Tuesday, January 15, 2019

New Publication Alert

My entry on Gender Issues in News Coverage for the International Encyclopedia of Journalism Studies is now available here. The full encyclopedia will be published in May 2019. Happy to see this project, for which I was also an associate editor, come to fruition.

Friday, August 31, 2018

Richard M. Fairbanks Chair of Communication

At our College of Communication meeting last week, Dean Jay Howard announced that he named me the Richard M. Fairbanks Chair of Communication. This is a great honor and I am so thankful!

Saturday, June 09, 2018

Fellow for AEJMC's Institute for Diverse Leadership

I am  happy to announce that I was selected to be a fellow for the AEJMC's Institute for Diverse Leadership for 2018-2019. Fellows will meet several times over the next year and will also be assigned a mentor. Very exciting!

Friday, November 17, 2017

Creating Meaningful Writing Assignments

I came across this article, Will They Remember Writing It?, in The Chronicle of Higher Education recently. It really made me think about what kinds of writing assignments my students complete. For writing assignments to be meaningful, the author cites research from the book "The Meaningful Writing Project." He lists three factors: 1. Give students a say 2. Engage them actively, not passively 3. Make sure it transfers. After discussing this with my students, they agreed that they will not remember papers that only test "content." I am going to make some changes to my final writing assignments this year.

Thursday, November 16, 2017

Most downloaded articles in CCom during 2016/2017

I received an award yesterday for the faculty member in the College of Communication with the most downloaded articles on Butler University's Digital Commons website during the last academic year. In total, my work has been downloaded 5,702 times, and during the last year I had 1,136 downloads. The article that has most downloads over time (1,718) is "Women and News: Making Connections between the Global and the Local," which was published in Feminist Media Studies in 2009, followed by "Women Making News: Gender and Media in South Africa," published as an invited article in Global Media Journal in 2008 (1,151). Most of the downloads came from the United States (1,072), followed by the United Kingdom (272), South Africa (246), China (163) and India (124). Altogether, my work has been downloaded in 111 countries. Glad to see people are looking at my research!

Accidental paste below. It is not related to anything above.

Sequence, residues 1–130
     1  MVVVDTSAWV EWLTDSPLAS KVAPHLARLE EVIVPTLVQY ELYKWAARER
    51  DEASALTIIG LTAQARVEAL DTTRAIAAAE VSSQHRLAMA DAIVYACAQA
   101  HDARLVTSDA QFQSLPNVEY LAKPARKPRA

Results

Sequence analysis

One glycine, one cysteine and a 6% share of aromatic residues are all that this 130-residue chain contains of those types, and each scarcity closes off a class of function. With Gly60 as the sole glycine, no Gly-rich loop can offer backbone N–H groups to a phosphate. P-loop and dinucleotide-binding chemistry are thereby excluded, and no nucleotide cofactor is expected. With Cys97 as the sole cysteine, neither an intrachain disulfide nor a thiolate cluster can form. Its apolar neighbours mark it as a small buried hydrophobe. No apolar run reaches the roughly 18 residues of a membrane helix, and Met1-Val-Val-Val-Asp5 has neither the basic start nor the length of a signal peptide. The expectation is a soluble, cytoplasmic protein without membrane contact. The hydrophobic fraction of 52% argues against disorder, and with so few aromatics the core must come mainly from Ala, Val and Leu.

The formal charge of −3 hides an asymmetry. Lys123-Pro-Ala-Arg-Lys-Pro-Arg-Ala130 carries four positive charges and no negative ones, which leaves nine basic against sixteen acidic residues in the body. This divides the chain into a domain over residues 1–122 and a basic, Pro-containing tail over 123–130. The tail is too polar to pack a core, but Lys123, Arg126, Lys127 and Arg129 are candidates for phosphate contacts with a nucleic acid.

With Provost Kate Morris (left) and my colleague Allison Harthcock, who had the single article with most downloads over the last year.

Friday, November 03, 2017

Write every day?

Like many of my colleagues, I often think about the best ways to be productive in research and writing. A few years ago, I read Robert Boice's book, "Advice for New Faculty Members," and it made a big impact on me. Boice believes you should write every day to be productive. Yet, this seems impossible during busy times of the semester. Today I read an article by Helen Sword, titled "'Write every day!': a mantra dismantled."

From the article:

"Instead of lecturing academics on the 'right way to write,' I offer them a menu of choices, a smorgasbord of possibilities: feasts rather than binges, nourishing diets rather than punishing purges. ... I suggest strategies for explicitly linking productivity with craftsmanship, people, and pleasure: for example, by reading books and attending workshops or courses that will make them feel more confident in their writing style; by forming collaborative relationships premised on emotional support rather than on disciplinary sanctions; and by seeking out writing venues filled with light and air" (Sword, 2016, p. 320-321).

I am putting Sword's book, "Air & Light & Time & Space: How Successful Academics Write" on my reading list!

Boice, R. (2000). Advice for New Faculty Members. Pearson.
Sword, H. (2016). "Write every day!": a mantra dismantled. International Journal for Academic Development, pp. 312-322.
Sword, H. (2017). Air & Light & Time & Space: How Successful Academics Write. Harvard University Press.